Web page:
Once again benchmarked in OpenCL & Vulkan APIs, Intel’s Arc A770 & Arc A750 graphics cards exhibit a substantial improvement. We can confirm that the benchmarks within Geekbench are the final retail versions and not the numerous engineering samples that we have previously seen.
Multiple benchmarks for the Intel Arc A770 & Arc A750 cards have been released in the Geekbench 5 database, as discovered by Benchleaks. These are probably the Limited Edition variations since those have already been distributed to reviewers for evaluation. On a computer with an Intel Core i9-12900KS processor, an ASUS ROG Maximus Z690 APEX motherboard, and 32 GB DDR5-6400 memory, all benchmarks were run.
In the OpenCL test, the Intel Arc A770 outperformed the Arc A750 with a score of 99482 compared to 88828. This is a performance gain of between 15-20% compared to the prior results for the Intel Arc A770, which only a few months ago was scoring between 80 and 85K points in the same benchmark. Regarding the opposition, the Arc A770 is now 3% faster than the GeForce RTX 3060 and quite close to the AMD Radeon RX 6700 XT. The Arc A750 outperforms the Radeon RX 6600 XT by about 8%.
On the Vulkan front, the Intel Arc A770 achieves a score of 73636 while the Arc A750 achieves a score of 66609.
This is 5% quicker than the Radeon 6700 XT and comparable to the GeForce RTX 3060. Around 3-4% more quickly than the Arc A750. We must keep in mind that there is still plenty to be done to improve.
As previously indicated by Intel, they would concentrate on OpenCL in future driver releases after fine-tuning current-gen APIs like DX12 and Vulkan. The fact that Intel has reduced the gap with the competition is encouraging, and considering the costs and value of the bundles, they might very well be justified.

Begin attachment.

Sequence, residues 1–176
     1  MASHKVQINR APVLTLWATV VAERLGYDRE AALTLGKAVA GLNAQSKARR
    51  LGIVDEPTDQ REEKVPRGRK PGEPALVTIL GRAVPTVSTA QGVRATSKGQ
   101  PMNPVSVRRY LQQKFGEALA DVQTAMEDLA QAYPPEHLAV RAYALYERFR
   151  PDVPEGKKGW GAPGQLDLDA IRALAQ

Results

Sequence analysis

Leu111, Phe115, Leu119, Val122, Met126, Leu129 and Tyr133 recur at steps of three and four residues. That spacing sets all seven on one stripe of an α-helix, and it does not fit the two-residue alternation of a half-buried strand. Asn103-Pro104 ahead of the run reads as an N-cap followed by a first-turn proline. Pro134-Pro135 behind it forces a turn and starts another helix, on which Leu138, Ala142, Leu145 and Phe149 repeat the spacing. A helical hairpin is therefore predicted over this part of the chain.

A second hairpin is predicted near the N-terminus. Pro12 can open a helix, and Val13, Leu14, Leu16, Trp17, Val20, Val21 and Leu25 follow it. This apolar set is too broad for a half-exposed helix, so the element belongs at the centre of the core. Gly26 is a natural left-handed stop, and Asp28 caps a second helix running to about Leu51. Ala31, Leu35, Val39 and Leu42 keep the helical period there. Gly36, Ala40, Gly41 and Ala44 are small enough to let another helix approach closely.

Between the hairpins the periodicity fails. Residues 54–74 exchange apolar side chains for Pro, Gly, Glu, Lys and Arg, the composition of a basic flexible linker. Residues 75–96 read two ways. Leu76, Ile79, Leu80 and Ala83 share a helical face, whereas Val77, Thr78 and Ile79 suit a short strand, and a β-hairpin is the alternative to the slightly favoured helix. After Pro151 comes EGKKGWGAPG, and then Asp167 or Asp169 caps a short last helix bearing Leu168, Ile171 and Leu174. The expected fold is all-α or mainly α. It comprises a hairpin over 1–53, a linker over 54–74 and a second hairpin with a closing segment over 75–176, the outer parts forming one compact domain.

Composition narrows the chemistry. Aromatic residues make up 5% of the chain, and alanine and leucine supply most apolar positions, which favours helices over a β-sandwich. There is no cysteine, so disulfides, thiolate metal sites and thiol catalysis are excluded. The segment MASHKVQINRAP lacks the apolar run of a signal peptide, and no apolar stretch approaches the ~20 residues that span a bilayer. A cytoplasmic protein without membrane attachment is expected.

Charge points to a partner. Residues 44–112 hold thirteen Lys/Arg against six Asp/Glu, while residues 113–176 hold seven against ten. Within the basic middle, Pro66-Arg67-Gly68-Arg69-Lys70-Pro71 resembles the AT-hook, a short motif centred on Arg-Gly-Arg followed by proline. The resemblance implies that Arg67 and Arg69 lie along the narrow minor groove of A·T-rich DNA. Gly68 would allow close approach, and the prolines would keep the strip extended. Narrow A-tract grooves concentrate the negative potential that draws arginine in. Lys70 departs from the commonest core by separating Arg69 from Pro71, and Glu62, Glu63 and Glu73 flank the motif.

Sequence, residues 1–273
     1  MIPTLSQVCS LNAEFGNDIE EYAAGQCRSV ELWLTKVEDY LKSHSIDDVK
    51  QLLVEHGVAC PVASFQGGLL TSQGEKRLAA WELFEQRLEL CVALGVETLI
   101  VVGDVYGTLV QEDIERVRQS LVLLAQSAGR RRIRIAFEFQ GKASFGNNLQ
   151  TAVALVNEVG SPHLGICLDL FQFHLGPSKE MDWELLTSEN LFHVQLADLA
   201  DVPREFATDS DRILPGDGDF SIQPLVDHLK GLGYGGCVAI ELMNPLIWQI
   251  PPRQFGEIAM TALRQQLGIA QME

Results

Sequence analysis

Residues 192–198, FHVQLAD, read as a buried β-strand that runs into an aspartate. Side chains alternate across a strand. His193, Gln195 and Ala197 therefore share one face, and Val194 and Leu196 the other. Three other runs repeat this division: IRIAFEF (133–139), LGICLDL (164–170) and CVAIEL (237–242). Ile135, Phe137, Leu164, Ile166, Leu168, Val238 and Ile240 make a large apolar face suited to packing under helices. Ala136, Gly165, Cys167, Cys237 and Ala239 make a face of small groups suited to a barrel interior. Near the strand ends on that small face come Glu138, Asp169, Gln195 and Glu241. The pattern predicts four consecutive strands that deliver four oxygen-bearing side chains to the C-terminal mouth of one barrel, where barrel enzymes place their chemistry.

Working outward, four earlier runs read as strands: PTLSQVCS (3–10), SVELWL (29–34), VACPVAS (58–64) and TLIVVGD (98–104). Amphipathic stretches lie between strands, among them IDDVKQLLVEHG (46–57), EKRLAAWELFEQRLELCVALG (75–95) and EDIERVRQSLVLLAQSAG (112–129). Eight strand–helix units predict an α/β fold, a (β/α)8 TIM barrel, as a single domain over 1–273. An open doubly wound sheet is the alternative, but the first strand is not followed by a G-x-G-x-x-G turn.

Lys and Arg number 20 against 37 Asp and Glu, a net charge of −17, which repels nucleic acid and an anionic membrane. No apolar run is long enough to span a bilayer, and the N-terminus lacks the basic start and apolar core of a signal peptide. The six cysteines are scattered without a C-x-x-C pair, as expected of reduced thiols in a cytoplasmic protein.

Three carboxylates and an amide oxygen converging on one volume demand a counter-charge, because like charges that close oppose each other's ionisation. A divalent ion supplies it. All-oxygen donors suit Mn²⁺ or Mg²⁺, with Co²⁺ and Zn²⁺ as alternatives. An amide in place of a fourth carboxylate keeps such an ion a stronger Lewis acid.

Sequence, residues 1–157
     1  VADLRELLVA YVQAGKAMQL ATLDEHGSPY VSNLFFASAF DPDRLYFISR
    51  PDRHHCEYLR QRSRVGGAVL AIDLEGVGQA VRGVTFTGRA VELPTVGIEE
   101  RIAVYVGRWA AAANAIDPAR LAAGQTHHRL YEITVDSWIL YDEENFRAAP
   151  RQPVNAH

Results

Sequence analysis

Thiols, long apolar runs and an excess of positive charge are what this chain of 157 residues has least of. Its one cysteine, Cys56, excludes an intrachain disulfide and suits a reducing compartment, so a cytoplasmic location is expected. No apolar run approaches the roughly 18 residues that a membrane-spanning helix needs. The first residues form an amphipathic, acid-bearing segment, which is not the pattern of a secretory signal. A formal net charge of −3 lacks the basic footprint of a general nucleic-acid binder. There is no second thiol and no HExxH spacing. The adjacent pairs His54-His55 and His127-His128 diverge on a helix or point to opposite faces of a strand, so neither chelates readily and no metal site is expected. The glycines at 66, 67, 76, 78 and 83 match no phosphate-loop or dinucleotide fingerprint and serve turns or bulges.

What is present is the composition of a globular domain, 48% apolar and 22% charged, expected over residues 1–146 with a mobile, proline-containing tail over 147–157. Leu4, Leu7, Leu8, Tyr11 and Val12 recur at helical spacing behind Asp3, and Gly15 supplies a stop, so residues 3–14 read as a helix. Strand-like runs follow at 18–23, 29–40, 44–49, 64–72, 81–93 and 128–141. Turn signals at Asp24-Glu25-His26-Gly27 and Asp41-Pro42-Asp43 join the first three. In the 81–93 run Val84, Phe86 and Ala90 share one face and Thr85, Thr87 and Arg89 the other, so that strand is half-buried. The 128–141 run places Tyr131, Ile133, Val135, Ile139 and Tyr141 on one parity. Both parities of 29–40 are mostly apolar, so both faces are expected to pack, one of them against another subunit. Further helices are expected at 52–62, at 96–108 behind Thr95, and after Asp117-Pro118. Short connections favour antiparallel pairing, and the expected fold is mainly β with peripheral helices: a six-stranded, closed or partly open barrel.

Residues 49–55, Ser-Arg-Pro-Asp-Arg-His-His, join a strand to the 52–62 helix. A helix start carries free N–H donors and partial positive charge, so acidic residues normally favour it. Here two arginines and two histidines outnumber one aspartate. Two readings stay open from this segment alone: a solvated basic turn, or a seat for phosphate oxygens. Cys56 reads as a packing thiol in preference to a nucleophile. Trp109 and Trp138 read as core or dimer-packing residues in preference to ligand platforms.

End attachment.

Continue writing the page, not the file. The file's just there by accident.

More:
AMD’s Radeon RX 6700 XT is currently available for $379 US, while the Arc A770 with 16 GB is $349 US, and the 8 GB model costs even less at $329 US. With the Arc A750, it decreases to $289 US, making it quite comparable with the RX 6650 XT, which costs $299 US. Given that NVIDIA and AMD will first concentrate their next-generation GPUs on the high-end segment, current-generation mainstream cards will remain on the market for some time until early next year, Intel’s decision to focus on this market segment as its primary target appears to be a prudent one.
The flagship Arc A770 from Intel’s Arc Alchemist family will have a 256-bit bus interface, 32 Xe-Cores, and the complete ACM-G10 GPU. The Intel Arc A770 will include 256-bit bus interfaces, 16GB and 8GB memory options, and a 225W TDP. The graphics card will have clock speeds of 2.1 GHz for the GPU and 17.5 Gbps for the GDDR6 memory, providing up to 560 GB/s of bandwidth.
It is anticipated to be comparable to the RTX 3060 in terms of performance but to perform a little better. Several Arc A770 benchmarks may be found here and here. The graphics card will start at $329 US for the 8 GB version, and will cost $349 US for the Limited Edition model with 16 GB of memory. This is a fairly minor premium for doubling the memory limit. Compared to the NVIDIA RTX 3060, the graphics card is supposed to provide up to 42% more performance for every dollar spent (overclocked variant).
The second component is the Intel Arc A750, which will have an ACM-G10 GPU and the same TDP target of 225W as the Arc A770 but with 28 Xe Cores (3584 ALUs), 28 ray tracing units, and 8 GB of GDDR6 memory. The card will include a 2050 MHz GPU and a 16 Gbps memory clock rate for a total bandwidth of 512 GB/s.